Security Features in Java

2013-01-30

When Sun Microsystems developed the general-purpose yet object-oriented computer programming language, little was known that Java would garner a lot of attention someday. While the class-based and structured program renders an intriguing slew of ‘write once, run anywhere’ function, the multi-paradigm Java hogs the maximum spotlight for incorporating impressive security features.

Although other programming languages help control access to resources, Java endeavours to walk a mile extra to proffer enhanced and additional security characteristics for the developers. Whether you rifle through the reliable approaches to manage signature generation or seek for trustworthy control access to resources, the in-built Java Security features cover just about everything. Take a look over the security attributes rendered by the effectual yet convenient-to-use Java Development Kit – which can certainly benefit a variety of audiences.

End Users

Integrated with targeted, built-in security, Java unremittingly enables developers to seamlessly safeguard their program from malevolent issues (including viruses). The software, enriched with high security and protection features, also allows users to protect the privacy of their important files and data.

Developers

On the other hand, developers may benefit largely from Java Security features by embedding useful API methods into their programs. To provide a quick gist, the API framework basically allows developers to identify and incorporate their own permissions, policy implementations, security manager implementations, and cryptography service implementations into their respective programs. By integrating Java Security functions, developers could also benefit from the classes that are provided to help manage public/ private key pairs.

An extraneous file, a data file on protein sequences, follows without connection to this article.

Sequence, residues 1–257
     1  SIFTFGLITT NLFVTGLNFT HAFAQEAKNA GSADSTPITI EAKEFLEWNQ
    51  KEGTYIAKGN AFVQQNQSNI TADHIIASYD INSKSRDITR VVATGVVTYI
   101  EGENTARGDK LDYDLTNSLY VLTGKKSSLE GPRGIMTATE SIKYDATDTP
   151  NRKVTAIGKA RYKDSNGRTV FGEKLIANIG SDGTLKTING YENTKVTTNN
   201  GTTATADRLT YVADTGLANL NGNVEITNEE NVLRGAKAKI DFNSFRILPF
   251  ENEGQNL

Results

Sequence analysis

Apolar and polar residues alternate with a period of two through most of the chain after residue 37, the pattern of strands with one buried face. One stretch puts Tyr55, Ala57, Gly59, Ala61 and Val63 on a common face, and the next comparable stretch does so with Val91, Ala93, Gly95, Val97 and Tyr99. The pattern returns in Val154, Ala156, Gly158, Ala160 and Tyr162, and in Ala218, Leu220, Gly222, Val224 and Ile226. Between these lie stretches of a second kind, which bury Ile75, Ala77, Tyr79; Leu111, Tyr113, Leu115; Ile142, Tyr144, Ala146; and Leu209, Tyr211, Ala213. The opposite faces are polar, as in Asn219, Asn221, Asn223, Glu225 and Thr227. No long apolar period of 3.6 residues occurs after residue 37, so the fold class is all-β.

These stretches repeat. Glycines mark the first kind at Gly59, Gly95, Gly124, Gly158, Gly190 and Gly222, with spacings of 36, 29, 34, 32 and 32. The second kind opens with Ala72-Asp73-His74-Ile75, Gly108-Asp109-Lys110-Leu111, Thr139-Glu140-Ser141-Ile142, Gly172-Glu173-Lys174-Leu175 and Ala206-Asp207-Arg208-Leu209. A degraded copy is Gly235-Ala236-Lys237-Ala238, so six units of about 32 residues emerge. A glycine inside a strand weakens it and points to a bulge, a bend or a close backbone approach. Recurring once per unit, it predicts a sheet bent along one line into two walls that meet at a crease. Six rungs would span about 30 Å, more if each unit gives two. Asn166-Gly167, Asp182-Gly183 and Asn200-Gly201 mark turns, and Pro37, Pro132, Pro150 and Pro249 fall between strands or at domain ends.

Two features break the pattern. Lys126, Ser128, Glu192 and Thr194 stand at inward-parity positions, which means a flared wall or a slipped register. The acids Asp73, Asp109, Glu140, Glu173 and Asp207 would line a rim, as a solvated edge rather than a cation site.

System Administrators

Concurrently, security features in Java play an important role in helping system administrators manage their database of keys and certificates. What’s more, Java Security ensures that system administrators find it simpler and easier to create digital signatures for JAR files and confirm the accuracy and legitimacy of such signatures and signed documents.

Since Java does not pick assistance from memory pointers explicitly, the programming language ensures to operate under a ‘safe location’ termed as the sand box. The integrated ‘Security Manager’ and ‘public key encryption system’ further ensures that the Java applications are carefully and safely transmitted over the internet in an extremely secure encrypted form.  There’s an unique byte-code verifier function as well that testes out the classes after loading.

Having discussed about some of the security features, it is evident that Java is a huge platform with well established security features and the recent security hole doesn’t seem to bring an end to the era of Java.